Lots of Showings, Reduced Price, Still No Offers...What Can Be Done?

Small cute craftsman American house wth green and white.

Dave,

I have my house on the market since January 2, 2019. Lots of showings but the potential buyers do not stay long 5 or 10 minutes then they leave. My home needs masonry work in the basement and floors are sloping. My home is 100 years old but I sunk plenty of money into the house, new bathroom, new kitchen. I reduced the price by $15,000 and still no offers. The feedback is too small, sloping floors. I asked my listing agent if she knows any contractors as I want to unload my home asap. I want to relocate and I am not getting any offers at all. What can be done?

Linda     


Linda,

I am going to break this down almost line by line. There is a lot of meat on this bone, so let’s get right to it!  First, patience is the one thing this time of year requires. Remember that you listed in what is traditionally considered the slowest (from a sales perspective) time of year and it is always hard to interpret showing traffic and feedback so moving with a bit of caution might be prudent. “Lots of showings” is somewhat relative and can depend on your definition of “lots”, but nationwide statistics on the number of showings before you should have an offer is somewhere between 8 & 13 depending on the market, time of year, etc!  Clearly this is not an exact number or science, but it does provide one statistical guideline to have some guardrails that will help keep you on the road! Along that line, there really is no typical length of showings.

From years of experience I would say that the average showing is somewhere around 20 minutes, but keep in mind that is an average, meaning some look quicker and some take longer! As a Realtor, everyone loves the buyer who is a quick looker, but some people need to look in and under every nook and cranny, even if they know they are not interested! Much depends on how large the home is etc. I have seen statistics and studies over the years that indicate that a buyer will internally “know” if the house is a contender within a minute or two, which shows that the final determining factor has a lot to do with having a gut feeling. All that to say that 5-10 minutes is probably a bit light. I even wonder if they are there long enough to get to the basement to see the area in need of masonry work? 

Regardless of if they are making it to the basement or not they are bailing quickly and the reason is most likely the sloping floors. They should be aware of the size before they come to see and the fact that you have had showings tells me that the sloping floors are expediting their exit.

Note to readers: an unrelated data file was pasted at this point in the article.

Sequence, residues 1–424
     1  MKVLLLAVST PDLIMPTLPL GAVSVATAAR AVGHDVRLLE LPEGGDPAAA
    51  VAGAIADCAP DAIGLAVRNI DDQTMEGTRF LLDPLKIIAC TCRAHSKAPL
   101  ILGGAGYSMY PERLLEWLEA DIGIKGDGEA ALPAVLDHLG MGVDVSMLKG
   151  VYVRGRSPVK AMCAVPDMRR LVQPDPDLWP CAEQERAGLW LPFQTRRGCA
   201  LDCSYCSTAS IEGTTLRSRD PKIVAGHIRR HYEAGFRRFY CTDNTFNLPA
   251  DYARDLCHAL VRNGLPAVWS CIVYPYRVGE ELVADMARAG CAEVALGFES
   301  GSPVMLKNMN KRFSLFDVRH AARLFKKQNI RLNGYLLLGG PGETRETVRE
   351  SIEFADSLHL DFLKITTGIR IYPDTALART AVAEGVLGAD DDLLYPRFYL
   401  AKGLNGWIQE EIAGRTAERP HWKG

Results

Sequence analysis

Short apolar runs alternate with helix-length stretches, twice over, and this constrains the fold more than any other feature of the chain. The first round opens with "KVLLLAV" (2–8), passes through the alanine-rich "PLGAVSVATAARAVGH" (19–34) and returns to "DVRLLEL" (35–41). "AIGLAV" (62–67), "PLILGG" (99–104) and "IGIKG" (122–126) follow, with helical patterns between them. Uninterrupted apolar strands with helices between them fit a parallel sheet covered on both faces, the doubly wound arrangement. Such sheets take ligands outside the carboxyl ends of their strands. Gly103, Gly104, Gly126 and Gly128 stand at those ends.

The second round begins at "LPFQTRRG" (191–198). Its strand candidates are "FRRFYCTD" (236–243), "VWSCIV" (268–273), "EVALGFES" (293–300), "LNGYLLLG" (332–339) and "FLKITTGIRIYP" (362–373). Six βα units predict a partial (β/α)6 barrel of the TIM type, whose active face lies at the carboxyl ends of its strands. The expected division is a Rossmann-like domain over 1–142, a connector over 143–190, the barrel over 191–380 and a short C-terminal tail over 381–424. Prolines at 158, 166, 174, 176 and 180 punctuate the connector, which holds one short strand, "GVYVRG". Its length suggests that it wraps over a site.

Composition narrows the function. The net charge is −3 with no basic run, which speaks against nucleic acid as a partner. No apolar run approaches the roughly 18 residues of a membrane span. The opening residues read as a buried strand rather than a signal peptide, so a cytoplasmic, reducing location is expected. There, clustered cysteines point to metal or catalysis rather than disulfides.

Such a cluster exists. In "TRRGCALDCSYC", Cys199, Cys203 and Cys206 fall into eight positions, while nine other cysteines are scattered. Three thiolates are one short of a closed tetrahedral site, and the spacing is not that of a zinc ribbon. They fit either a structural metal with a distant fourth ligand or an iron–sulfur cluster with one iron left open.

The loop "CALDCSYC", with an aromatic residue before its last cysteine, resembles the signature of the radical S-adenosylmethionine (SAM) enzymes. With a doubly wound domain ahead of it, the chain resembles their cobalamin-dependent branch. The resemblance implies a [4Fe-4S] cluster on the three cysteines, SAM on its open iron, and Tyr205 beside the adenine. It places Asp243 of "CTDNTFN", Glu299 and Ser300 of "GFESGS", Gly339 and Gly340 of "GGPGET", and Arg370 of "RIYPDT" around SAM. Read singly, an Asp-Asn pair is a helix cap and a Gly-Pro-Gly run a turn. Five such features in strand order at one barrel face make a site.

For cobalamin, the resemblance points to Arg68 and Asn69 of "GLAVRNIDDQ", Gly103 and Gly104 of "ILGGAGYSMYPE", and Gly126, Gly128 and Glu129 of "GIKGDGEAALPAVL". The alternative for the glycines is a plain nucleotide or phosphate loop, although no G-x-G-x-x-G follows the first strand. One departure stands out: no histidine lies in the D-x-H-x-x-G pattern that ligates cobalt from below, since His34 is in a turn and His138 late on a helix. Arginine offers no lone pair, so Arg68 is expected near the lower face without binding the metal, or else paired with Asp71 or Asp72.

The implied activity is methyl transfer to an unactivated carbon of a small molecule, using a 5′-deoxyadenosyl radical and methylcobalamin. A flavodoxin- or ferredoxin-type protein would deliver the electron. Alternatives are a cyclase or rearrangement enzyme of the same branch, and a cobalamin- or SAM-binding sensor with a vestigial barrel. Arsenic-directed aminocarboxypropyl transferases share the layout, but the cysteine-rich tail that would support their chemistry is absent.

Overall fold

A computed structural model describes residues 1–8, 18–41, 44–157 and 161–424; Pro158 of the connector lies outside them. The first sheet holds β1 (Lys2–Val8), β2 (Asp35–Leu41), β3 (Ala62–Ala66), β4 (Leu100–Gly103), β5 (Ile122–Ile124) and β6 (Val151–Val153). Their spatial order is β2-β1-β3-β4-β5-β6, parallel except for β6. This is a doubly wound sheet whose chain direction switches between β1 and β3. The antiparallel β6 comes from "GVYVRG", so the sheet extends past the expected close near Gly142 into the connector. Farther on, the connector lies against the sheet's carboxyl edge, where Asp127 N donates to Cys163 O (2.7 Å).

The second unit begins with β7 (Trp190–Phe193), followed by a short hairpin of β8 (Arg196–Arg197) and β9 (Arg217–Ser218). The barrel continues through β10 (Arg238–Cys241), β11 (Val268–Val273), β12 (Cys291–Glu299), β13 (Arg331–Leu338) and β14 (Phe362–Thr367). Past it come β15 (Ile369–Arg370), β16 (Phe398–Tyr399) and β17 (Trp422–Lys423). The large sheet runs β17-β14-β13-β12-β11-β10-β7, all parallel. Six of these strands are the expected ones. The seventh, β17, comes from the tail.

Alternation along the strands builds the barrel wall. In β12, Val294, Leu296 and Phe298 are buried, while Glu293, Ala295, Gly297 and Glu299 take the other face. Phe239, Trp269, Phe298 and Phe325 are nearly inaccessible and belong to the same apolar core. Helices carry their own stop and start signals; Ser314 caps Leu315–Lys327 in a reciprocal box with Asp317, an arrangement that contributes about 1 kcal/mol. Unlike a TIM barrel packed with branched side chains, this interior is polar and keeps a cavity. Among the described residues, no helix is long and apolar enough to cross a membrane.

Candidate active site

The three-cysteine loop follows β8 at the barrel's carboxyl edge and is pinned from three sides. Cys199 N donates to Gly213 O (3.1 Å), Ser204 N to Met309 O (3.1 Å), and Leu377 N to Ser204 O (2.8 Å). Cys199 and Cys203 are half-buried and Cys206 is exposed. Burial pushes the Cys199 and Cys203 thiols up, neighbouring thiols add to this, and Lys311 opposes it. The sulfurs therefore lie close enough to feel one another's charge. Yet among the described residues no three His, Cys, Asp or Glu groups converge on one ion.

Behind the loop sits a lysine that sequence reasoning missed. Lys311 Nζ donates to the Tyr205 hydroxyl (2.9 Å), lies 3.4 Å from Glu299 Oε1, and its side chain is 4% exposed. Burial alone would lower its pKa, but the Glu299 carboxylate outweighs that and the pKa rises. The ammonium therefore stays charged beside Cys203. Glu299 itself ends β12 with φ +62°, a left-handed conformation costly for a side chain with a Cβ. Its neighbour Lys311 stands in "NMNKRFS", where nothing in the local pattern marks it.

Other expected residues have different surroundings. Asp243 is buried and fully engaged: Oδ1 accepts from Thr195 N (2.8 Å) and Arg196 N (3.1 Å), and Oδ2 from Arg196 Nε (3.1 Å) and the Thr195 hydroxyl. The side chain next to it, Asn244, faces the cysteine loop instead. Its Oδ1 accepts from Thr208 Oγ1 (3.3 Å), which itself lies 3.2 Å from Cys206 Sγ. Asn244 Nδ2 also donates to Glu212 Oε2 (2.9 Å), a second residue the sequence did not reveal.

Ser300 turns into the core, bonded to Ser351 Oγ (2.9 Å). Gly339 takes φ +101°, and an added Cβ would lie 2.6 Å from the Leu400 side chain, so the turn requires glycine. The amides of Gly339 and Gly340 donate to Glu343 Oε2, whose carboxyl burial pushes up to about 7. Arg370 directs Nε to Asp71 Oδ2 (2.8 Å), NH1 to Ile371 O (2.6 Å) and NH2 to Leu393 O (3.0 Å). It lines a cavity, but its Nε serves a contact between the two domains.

Empty House.jpg

Regardless of if they are making it to the basement or not they are bailing quickly and the reason is most likely the sloping floors. They should be aware of the size before they come to see and the fact that you have had showings tells me that the sloping floors are expediting their exit. These two issues are even outweighing your kitchen and bathroom updates, which I am sure makes it more disheartening.  Remember sometimes it takes patience to find the right butt for the saddle. Finding that butt can take longer when you have significant hurdles and a sloping floor would check the significant hurdle box. To overcome significant hurdles it generally takes one of three things, time, just the right buyer or price reduction(s).

Your price reduction of $15,000 is a significant move in the right direction. It’s not clear when you made the price reduction, but you need to give it at least 2-4 weeks to season and see if it brings any new buyers to the table. If this price change does not bring in serious new lookers then you will need to decide between time and money! Sounds like time is very important, so you may need to keep adjusting your price until you find the right value that makes accepting the sloping floors an attractive choice for a buyer. With every significant hurdle, there is a price that makes a buyer believe it is an acceptable risk. You will likely need to find that price if you need to sell asap. Your other option is to evaluate what needs to be done to correct the problem and get it fixed! This would significantly increase your buyer pool and appeal.

For your average buyer, the cost to correct sloping floors would loom large in the decision making process because fixing it would require cash they would likely choose to spend elsewhere and expertise that most don’t have. Fixing it would be a great option, depending on cost and timeline to correct. With every home sale there are two lines (price and time) that start off parallel and eventually meet. Adjusting your price is your quickest (notice I did necessarily say best) solution to speeding up the process! Sorry I don’t have a magic bullet, but these options should help you sort it out…best of luck!

Dave Kimbrough
The Kimbrough Team

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